Released: September 27, 2012
In Changing News Landscape, Even Television is Vulnerable
Trends in News Consumption: 1991-2012
Section 2: Online and Digital News
The share saying they got news online yesterday is unchanged since 2010, at 34%. However, when those who get news from cell phones, tablets and other mobile devices are added, that figure grows to 39%. (The 2010 survey asked only about news online.)
The explosive growth of social networking sites has been another contributor to the online search for news, with the percentage saying they saw news or news headlines on social networking sites the previous day increasing from 9% in 2010 to 19%.
Many of the same trends also are evident in where people regularly get news. The percentage of Americans who regularly go online for news – those who get news online three days a week or more – has not increased. In the new survey, 46% say they get news online at least three days a week, which is unchanged since 2010.
However, the percentage who regularly get news on a cell phone, tablet or other mobile device has nearly doubled since 2010, from 9% to 15%, and the number regularly seeing news on social network sites has almost tripled, from 7% to 20%.
In the shifting online landscape, the use of mobile devices and social networking sites have replaced a traditional tool — search engines — as the driver of growth in finding news online. Search engines like Google, Bing or Yahoo continue to be the largest single tool in finding news online, but the substantial growth in their use between 2008 and 2010 has leveled off.
Other online platforms have had less impact than social networking sites. Just more than one-in-ten (12%) regularly get news from reading blogs, a figure that has changed little since 2008. About the same percentage (13%) regularly gets news by email. Just 5% say they regularly get news by listening to podcasts. And just 3% of the general public regularly follows news on Twitter.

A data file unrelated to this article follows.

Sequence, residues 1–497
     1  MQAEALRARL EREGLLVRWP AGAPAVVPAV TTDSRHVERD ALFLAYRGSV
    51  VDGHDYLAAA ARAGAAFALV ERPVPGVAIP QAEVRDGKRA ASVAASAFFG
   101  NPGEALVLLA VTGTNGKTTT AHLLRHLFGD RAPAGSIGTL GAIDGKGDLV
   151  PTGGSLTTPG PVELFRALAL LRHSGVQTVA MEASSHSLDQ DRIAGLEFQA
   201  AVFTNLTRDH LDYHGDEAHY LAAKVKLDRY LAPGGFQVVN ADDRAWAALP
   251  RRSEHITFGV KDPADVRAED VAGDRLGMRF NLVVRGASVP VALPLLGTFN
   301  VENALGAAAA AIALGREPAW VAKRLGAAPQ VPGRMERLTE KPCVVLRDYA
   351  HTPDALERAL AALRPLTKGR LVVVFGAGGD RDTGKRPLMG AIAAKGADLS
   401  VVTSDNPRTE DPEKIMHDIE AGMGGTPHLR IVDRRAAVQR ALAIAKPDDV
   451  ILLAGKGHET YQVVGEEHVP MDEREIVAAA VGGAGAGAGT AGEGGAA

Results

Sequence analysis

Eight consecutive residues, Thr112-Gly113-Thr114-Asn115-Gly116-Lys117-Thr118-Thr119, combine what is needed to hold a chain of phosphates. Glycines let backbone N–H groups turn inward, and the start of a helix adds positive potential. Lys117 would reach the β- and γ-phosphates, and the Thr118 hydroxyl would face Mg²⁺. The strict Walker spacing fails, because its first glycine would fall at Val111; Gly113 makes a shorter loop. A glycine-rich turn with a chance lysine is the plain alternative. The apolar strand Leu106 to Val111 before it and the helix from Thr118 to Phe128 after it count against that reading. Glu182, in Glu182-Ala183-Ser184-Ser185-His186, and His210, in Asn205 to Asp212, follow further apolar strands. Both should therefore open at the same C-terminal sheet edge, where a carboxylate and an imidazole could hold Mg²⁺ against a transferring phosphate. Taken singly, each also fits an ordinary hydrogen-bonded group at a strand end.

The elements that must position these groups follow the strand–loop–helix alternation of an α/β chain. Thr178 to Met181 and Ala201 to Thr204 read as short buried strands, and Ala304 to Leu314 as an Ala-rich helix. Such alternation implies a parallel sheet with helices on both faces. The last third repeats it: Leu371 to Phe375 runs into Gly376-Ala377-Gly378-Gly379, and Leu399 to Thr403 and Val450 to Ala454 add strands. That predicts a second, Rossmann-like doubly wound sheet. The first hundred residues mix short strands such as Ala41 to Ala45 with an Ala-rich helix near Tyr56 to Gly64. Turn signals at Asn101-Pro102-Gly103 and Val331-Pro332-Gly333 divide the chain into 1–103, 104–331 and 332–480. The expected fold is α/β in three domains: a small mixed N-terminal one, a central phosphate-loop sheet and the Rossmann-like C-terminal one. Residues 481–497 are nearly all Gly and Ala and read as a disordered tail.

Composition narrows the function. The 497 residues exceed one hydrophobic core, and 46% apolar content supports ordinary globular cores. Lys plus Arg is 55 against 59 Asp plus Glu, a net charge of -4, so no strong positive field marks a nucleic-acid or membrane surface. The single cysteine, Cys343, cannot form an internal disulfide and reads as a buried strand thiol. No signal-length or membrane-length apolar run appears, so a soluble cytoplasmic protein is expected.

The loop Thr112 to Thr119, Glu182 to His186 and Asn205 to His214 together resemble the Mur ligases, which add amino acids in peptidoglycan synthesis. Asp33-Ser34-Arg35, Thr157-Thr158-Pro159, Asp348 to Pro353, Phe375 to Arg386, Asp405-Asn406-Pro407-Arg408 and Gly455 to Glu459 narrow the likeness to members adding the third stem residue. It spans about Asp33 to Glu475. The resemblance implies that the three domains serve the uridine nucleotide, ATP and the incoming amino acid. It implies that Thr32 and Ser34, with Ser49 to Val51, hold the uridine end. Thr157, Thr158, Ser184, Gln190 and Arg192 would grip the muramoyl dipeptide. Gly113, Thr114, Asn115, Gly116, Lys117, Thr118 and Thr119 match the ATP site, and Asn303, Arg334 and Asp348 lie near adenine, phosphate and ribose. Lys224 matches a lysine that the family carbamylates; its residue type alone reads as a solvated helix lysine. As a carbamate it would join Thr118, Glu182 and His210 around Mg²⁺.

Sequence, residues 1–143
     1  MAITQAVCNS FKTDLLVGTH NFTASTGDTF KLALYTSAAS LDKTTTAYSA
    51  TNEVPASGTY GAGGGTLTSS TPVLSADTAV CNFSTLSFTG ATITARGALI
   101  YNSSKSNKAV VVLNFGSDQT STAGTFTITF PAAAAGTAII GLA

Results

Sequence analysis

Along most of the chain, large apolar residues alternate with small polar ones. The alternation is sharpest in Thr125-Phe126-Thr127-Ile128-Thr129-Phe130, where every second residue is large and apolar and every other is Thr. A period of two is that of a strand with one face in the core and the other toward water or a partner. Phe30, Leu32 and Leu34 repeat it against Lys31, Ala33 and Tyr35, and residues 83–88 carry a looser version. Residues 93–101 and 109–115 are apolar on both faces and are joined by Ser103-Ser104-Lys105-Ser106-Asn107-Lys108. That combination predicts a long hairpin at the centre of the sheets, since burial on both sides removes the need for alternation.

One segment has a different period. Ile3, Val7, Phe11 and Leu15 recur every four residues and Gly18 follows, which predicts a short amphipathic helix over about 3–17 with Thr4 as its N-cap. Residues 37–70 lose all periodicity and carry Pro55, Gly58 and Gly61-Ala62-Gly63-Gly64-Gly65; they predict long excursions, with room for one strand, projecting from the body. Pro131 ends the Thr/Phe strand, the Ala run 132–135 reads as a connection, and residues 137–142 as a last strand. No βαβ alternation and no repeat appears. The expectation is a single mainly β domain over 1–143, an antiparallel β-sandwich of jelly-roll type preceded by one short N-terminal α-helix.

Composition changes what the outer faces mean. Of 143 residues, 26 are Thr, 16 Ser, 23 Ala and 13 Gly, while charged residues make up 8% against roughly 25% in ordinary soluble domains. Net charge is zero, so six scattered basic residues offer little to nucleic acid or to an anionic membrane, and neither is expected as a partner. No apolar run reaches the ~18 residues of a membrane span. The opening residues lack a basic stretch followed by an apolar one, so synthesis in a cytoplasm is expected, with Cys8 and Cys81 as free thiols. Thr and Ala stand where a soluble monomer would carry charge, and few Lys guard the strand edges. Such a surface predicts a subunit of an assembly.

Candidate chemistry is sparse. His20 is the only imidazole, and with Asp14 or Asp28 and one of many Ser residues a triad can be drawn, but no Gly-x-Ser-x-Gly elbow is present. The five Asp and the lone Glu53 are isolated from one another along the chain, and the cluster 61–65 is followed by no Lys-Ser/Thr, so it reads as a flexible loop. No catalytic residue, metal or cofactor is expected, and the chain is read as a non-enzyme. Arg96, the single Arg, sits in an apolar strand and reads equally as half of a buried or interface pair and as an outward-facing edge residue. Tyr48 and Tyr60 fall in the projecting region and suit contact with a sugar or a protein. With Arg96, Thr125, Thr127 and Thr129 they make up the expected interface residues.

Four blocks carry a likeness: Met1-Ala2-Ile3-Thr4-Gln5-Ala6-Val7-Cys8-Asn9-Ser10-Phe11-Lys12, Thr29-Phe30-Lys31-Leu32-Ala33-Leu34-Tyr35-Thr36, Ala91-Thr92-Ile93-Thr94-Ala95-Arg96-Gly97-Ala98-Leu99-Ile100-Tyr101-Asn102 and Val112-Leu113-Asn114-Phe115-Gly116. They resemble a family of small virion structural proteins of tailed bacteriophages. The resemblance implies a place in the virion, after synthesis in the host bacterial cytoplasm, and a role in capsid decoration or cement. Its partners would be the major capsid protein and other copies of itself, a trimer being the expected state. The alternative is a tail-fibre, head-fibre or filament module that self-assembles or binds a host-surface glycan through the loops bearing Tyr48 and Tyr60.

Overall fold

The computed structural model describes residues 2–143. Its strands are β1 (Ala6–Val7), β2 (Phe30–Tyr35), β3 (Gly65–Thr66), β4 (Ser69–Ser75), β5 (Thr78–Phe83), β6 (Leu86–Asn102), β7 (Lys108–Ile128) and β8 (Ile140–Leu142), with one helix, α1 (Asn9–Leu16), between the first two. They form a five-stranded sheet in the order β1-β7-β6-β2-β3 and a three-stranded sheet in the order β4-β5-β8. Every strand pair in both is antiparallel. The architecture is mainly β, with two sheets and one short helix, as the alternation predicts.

About half (46%) of the public says they get news online three days a week or more, with about a third (32%) going online for news every day. Neither figure has changed much since 2010; in 2008, 37% said they went online for news at least three days a week and 25% got news online daily.
There continue to be sizable age and educational differences in online news use. Nearly two-thirds of college graduates (65%) regularly get news online, compared with just 28% of those with no more than a high school education.
Only about one-in-five (22%) of those 65 and older get online news regularly, by far the lowest percentage of any age group.
Online News Sources
There has been little change since 2010 in the websites people go to most for news and information. Yahoo, mentioned by 26% of online news users, is the top destination, as it was two years ago, while 17% name Google or Google News, 14% CNN, 13% local news sources and 11% MSN.
About one-in-ten online news users (9%) cite Fox as their top news destination. Nearly one-in-five Republicans (18%) name Fox as their top online news source, compared with 4% of Democrats and 8% of independents. By contrast, there are only slight partisan differences among those who mention MSNBC as the online source they use most often for news and information.
News Online, Mobile, Social Networks
In the current survey, 46% say they get news at least three days a week online or on a cell phone or mobile device; that is unchanged from 2010, when the question only asked about getting news online.
However, an increasing percentage says they get news on a cell phone, tablet or other mobile device. Currently, 15% say they regularly get news on one or more of these devices, up from 9% in 2010. In part, this is being driven by the increased internet availability on mobile devices. Two years ago, only about a third of the public (31%) said they accessed the internet on their cell phones. But today, more than half (55%) say they access the internet on a cell phone, tablet or another mobile device.
The percentage regularly getting news from a social networking site, such as Facebook, Google Plus or LinkedIn, also has increased dramatically – from just 2% in 2008, to 7% in 2010 and 20% currently.
These trends are complementary: Those who have smartphones – about half of the public (48%) – are far more likely to regularly see news or news headlines on social networking sites than those who do not (29% vs. 11%). Similarly, those who have iPads, Kindle Fires and other tablet computers (21% of the public) also are much more likely to get news from social networks than are those who do not own these devices.